Sep 2004 Journal

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Letter from Israel

On a recent visit to London, I picked up a copy of the Jewish Chronicle, just for old time's sake. The paper seems to have undergone several transformations since the 1960s, when I used to read it.

First of all, most of the personages mentioned - apart from a couple of international celebrities such as Salman Rushdie and Mel Gibson - are completely unknown to me.

But second, and most striking, seems to be the prominent position occupied by Jews in British political life. A Jew who does not conceal his background heads the Tory Party (I wonder if he's the same Michael Howard who was on my Jewish Agency summer youth tour of Israel in 1959). Another Jew, Oliver Letwin, is the Shadow Chancellor. And Malcolm Rifkind is the parliamentary candidate for the safe Tory Kensington and Chelsea constituency. I'd expect it from Labour, but what on earth has happened to the Conservatives?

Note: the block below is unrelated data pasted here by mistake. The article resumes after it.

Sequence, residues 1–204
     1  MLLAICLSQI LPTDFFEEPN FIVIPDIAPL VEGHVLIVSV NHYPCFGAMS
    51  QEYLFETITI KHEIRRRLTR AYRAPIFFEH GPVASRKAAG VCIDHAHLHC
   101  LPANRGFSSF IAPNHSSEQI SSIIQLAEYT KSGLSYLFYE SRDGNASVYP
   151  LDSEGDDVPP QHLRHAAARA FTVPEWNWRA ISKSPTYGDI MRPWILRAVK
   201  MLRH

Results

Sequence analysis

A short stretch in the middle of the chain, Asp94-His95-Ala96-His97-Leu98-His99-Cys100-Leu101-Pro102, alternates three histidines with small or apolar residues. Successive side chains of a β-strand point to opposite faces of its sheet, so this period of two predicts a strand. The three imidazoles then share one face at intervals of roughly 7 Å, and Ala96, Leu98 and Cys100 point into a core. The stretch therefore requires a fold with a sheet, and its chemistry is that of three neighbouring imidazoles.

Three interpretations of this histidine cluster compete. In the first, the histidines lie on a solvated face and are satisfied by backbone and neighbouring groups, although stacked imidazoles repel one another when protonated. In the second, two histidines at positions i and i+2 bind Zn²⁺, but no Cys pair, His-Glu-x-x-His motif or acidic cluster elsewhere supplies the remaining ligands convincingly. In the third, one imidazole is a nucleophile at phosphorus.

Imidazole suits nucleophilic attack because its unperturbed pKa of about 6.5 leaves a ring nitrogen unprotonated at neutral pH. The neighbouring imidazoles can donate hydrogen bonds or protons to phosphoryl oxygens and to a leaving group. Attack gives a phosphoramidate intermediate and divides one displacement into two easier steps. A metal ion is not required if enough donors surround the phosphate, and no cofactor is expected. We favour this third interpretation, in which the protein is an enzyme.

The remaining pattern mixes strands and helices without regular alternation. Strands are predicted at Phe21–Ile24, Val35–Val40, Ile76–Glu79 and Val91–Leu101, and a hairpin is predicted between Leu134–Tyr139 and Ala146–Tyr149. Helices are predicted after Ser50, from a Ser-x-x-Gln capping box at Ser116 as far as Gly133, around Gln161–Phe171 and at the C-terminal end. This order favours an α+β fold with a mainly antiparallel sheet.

The name of the actress who plays the Virgin Mary in Mel Gibson's film of the crucifixion - Maia Morgenstern - sounds suspiciously Jewish. And although it's only natural for Jews to play Jews in a film set in the Holy Land 2,000 years ago, it does seem odd considering the film's alleged anti-Jewish slant. Helpfully, the paper passes on the Aramaic phrase published in The Guardian for 'I'm Jewish but I wasn't there that day.'

Alex Brummer, whose article about the Letwin-Fagin jibe occupies half a page, is the city editor of the Daily Mail. And Daniel Finkelstein is associate editor of that bastion of all that is traditionally British, The Times. But the media generally tends to be a haven for Jewish writers, so that is perhaps understandable.

Maybe there is something in those claims about world domination, after all.
Dorothea Shefer-Vanson

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